“If you’re faced with non-traditional challenges, you can’t use a traditional approach to hiring”

Changing with the times

Advisory Group helps businesses see differently


Text by Toby Waters / Photos by Benjamin Parks

“The times change, and we change with them.”

While the truth of this proverb is evident, Japan can sometimes seem determined to stay the same. Even as the government promotes the idea of an “ageless society” — in which workers are encouraged not to retire at 60, but to continue as long as they are healthy and want to work — businesses in Japan are reluctant to think beyond their longstanding hiring practices, rooted in the lifetime employment system. For many job-seekers today, this is a frustration. But for Jivago Matsuoka, CEO of Advisory Group, it is an opportunity for his clients, his candidates, and for meaningful change.

Matsuoka, who has more than 10 years of recruiting experience, founded Advisory Group in 2015 as an agency for temporary, contract and project-based employment, but with a difference. The firm focuses on the skills and experience of each individual candidate and what they can bring to a client, brushing aside traditional concerns — such as age or gaps on a CV — that businesses might have.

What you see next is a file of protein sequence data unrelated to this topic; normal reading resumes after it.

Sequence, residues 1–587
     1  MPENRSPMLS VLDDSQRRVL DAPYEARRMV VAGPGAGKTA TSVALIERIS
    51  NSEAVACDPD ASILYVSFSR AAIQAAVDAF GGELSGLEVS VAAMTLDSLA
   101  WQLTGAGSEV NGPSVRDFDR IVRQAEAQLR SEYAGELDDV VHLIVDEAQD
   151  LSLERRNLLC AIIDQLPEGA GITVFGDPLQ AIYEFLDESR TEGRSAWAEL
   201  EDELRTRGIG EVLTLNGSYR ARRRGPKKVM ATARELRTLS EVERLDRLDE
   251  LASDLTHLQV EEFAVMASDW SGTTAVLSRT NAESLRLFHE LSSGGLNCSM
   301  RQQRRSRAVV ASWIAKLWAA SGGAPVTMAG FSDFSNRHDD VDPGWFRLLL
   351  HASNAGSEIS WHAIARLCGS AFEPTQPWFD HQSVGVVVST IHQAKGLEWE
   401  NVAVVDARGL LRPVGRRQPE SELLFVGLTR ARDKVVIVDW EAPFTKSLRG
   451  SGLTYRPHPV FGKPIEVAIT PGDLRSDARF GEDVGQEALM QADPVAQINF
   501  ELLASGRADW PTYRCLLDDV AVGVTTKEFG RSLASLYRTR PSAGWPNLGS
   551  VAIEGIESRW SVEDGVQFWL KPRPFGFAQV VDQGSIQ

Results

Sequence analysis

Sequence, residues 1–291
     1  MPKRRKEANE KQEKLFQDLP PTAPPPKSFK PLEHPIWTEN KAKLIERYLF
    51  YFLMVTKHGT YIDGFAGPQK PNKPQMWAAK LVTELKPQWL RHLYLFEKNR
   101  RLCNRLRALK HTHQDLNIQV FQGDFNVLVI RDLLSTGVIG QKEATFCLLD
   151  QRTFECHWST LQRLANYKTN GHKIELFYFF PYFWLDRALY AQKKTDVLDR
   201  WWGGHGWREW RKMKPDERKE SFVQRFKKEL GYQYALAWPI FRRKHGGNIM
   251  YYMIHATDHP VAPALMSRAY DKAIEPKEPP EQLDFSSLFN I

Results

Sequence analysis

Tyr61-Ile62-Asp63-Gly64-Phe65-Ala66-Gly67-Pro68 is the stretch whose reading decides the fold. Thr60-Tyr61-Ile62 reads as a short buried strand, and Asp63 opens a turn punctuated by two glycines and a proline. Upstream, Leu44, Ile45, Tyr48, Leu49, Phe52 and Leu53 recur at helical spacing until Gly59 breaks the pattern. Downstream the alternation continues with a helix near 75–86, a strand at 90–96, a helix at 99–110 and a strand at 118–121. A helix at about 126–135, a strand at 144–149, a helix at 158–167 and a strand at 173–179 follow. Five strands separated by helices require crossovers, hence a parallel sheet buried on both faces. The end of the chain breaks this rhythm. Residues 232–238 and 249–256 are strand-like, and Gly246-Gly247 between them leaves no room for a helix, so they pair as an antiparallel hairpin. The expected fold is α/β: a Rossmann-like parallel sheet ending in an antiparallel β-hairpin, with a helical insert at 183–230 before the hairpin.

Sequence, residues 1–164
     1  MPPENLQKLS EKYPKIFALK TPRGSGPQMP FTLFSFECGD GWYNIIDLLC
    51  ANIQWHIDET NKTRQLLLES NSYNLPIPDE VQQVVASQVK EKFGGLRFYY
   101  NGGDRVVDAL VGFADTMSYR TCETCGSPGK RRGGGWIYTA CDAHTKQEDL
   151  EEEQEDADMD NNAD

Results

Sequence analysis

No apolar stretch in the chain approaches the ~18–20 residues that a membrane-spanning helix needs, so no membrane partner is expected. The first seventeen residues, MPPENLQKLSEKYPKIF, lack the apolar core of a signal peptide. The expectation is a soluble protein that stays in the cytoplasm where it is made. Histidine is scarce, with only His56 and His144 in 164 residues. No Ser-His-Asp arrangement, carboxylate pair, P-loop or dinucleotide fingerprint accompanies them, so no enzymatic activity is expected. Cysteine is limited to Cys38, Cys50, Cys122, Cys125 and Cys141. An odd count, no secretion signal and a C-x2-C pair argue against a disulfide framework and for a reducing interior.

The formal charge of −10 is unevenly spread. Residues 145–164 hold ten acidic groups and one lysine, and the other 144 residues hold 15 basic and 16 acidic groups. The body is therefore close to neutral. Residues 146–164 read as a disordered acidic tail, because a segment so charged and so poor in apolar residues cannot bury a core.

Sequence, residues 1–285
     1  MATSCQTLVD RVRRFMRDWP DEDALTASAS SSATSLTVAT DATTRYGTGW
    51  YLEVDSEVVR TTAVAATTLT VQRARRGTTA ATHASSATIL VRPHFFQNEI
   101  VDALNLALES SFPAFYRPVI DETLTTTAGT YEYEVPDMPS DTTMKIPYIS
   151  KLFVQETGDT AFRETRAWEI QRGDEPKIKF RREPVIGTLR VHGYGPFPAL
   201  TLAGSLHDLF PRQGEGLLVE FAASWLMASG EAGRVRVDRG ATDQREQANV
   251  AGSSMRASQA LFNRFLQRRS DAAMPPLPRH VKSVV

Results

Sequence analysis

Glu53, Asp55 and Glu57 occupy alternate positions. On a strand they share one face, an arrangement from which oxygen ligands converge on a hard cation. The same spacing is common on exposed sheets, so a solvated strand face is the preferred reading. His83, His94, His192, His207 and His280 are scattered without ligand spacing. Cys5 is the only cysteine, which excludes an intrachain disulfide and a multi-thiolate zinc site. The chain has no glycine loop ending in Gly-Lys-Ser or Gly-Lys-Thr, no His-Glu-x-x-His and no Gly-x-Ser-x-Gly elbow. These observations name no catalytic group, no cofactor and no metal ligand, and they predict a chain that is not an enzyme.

“I’ve previously worked with two major recruitment firms here, and they have reach and big databases,” Matsuoka observes. “But when their recruiters get a request, they often find someone who’s perfect, but who’s 55, and they don’t try to sell their potential.”

One of Matsuoka’s clients is Jason Evans — general manager at O&M Halyard Japan G.K., part of the Owens & Minor family — who has extensive success in creating productive company cultures. He agrees that typical Japanese attitudes are leading to a wealth of talent going underutilised or overlooked.

“Japan is sitting on a pot of gold: people 50 to 55 years old,” he says. “And Advisory Group is ahead of the curve in recognising this. Some of my situations have been unique, but Jivago’s been flexible and able to solve any challenge I’ve thrown at him. For example, we needed to fill two senior finance roles — immediately — and he helped us fill them with people we would not have found through other recruiters.”

In addition to the effects of Japan’s ageing society, today’s job market is changing in another way. According to Matsuoka, there has been an explosion of those who are choosing to be contract workers or specialists.

“When I started out, maybe one in 100 wanted to be a contractor — now it’s one in 10,” he says. “I call these flexible workers ‘portfolio career specialists’. They have specific skill sets and can go from one company to another because they’re really good at what they do.”

Many of the candidates Advisory Group puts forward are in the 45 to 55 age-range or are working mothers who are looking for some flexibility in their work schedules. While this approach flies in the face of how Japanese firms typically hire, Matsuoka has seen that when he can persuade clients to think outside the box, it means a win for everyone involved.